No Rep (Madd CrossFit #1) - Lani Lynn Vale Page 0,2
her wanting it, but I knew that Madden would do absolutely anything for Mavis due to his crush on her.
“Why did she want you to start this class?” I quietly asked Madden who had come over to my side, watching Mavis interact with the new girl.
Mavis bent over and caught up two foam rollers, then tossed one at her sister like a javelin.
The girl caught it and grinned.
“I wondered how long it would take you to ask me that.” Madden smirked. But that smirk faded. “From what I understand, something really bad happened to Francine. To the point where she was scared to work out anywhere. Mavis finally talked her into working out here, but she wanted to wait until there was another bootcamp. And Mavis didn’t have the heart to tell her that there wouldn’t be any more because we didn’t like them very much. That was why she begged.”
“Shit,” I grumbled. “Now I feel bad for giving you shit.”
Madden grinned. “She’s a cute little thing, isn’t she?”
The girl, Francine, wasn’t much taller than five-foot-three-ish. If not smaller.
She had a high ponytail on the top of her head, with white-blonde-colored ringlets cascading down around her face, down her back, and over her shoulders.
She had a navy-blue headband on that matched her eyes, and the cutest little nose that I’d ever seen.
She wasn’t what I would consider ‘in shape.’ Though, saying that, I knew that if she stuck with this, it wouldn’t take her very long to get there. Looking at her, however, I could see muscle definition in her legs that spoke of once being in very good shape.
The six-week bootcamp might very well do a lot for her.
Though, I quite liked the small little roll that I could see poking over her tight leggings. A roll that was exposed by the crop top that she wore, revealing the cute little thing.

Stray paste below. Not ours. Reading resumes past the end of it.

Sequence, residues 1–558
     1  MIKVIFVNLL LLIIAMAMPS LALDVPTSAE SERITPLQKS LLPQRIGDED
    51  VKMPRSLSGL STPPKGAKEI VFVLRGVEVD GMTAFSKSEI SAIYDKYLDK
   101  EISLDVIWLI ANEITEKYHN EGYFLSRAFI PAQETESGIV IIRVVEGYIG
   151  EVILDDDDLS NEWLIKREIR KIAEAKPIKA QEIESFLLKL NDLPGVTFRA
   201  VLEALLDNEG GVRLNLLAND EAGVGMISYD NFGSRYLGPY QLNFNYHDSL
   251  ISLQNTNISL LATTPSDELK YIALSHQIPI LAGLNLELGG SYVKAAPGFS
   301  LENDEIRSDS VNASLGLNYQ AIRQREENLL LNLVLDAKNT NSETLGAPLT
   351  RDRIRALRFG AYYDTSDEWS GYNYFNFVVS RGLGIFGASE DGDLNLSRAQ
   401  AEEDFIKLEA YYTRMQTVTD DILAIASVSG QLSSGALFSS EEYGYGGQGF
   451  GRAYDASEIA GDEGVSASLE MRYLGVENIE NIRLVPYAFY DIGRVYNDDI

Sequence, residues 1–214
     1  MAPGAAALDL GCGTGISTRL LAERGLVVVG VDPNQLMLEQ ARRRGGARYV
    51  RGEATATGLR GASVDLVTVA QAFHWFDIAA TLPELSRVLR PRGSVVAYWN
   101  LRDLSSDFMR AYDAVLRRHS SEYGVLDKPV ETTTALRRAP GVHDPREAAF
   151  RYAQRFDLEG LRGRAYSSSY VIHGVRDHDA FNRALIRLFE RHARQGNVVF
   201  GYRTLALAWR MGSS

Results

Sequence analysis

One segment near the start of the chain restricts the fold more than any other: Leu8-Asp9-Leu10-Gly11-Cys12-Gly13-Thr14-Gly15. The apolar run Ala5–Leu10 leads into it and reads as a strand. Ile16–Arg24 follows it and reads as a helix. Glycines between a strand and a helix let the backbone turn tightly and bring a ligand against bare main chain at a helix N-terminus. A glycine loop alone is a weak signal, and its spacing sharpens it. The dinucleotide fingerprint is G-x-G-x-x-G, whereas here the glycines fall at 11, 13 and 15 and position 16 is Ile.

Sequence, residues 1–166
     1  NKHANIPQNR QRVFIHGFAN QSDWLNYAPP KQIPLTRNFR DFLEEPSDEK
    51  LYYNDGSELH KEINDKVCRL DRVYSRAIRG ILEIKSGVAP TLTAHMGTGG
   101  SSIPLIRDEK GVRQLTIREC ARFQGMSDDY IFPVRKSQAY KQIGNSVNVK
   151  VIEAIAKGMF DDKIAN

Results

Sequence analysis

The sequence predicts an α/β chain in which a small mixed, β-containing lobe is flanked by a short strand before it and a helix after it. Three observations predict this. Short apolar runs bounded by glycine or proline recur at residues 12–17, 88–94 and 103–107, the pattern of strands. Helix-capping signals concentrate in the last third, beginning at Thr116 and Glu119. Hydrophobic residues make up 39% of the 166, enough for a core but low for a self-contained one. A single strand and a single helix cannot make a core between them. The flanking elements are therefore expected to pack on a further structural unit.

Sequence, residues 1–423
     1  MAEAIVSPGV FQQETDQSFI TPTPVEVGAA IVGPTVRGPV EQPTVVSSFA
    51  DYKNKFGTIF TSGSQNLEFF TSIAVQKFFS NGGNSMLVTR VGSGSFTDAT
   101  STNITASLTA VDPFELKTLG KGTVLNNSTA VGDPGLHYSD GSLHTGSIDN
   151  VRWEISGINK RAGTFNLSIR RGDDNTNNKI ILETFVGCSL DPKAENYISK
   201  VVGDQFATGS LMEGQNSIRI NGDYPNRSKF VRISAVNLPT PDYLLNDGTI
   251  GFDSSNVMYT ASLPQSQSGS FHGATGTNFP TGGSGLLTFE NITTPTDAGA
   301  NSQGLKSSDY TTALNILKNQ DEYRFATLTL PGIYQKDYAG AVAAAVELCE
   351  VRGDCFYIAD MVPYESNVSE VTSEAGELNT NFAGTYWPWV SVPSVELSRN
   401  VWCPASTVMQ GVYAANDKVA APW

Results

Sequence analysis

“That she is,” I said as I let my eyes roam over her body.
Then she turned fully, leaving Rogue the gym kitty behind, and made eye contact with me.
I felt like I’d been punched in the gut.
I’d felt that one other time before, when I was saving a woman from an assault a couple years ago. Just like back then, now I felt my heartbeat starting to pick up speed, and I had the almost violent urge to stomp over there and demand she be mine.
That, or tell her to hug me because she looked like she could really use one.
“Calm it down a notch, bro,” Madden whisper-hissed from beside me. “You’re giving her the ‘cop’ stare.’”
I blinked, trying to rein it in.
I couldn’t help it, though. Once a cop, always a cop.
I saw threats where there weren’t any. I looked at every single person that walked in my door, sizing them up, wondering if I could take them down and protect myself as well as everyone with me.
Francine, however, looked like she needed my protection.
She looked like she’d welcome it, too.
If she found out she could trust me, that was.
I blinked and tried to shove that protectiveness I could feel toward her down into that cage that I tried to keep it in, shoving it deep and locking it up tight so I wouldn’t run her off.
Then I gave her my back and started to roll the whiteboard toward the middle of the room where I was going to use it today.
All in all, eighteen people had shown up for the bootcamp, nineteen if you counted Mavis who was going to work out with her sister and not go to the regular class that was about to happen on the opposite side of the gym.
Once the clock struck six in the evening, I reluctantly uncrossed my arms, tried in vain to look approachable, and said, “Hello, class. Happy Monday. Everyone excited to be here?”
There was a shit ton of grumbling coming from the class, but only one in particular that I was interested in.
The woman that Mavis crowded closer to.
“I am Coach Brady. I’ll be instructing your six-week bootcamp,” I announced to them all. “Why don’t we start right here and work our way around the circle, introducing ourselves and what we do.”
I, of course, chose Mavis first.
She smiled. “I’m actually a veteran CrossFitter, if there even is such a thing. I’ve been here for a year and a half. I came to accompany my sister, Francine.”
Francine smiled and waved at the class.
“You can call me Fran.”
Maybe if we tell people that the brain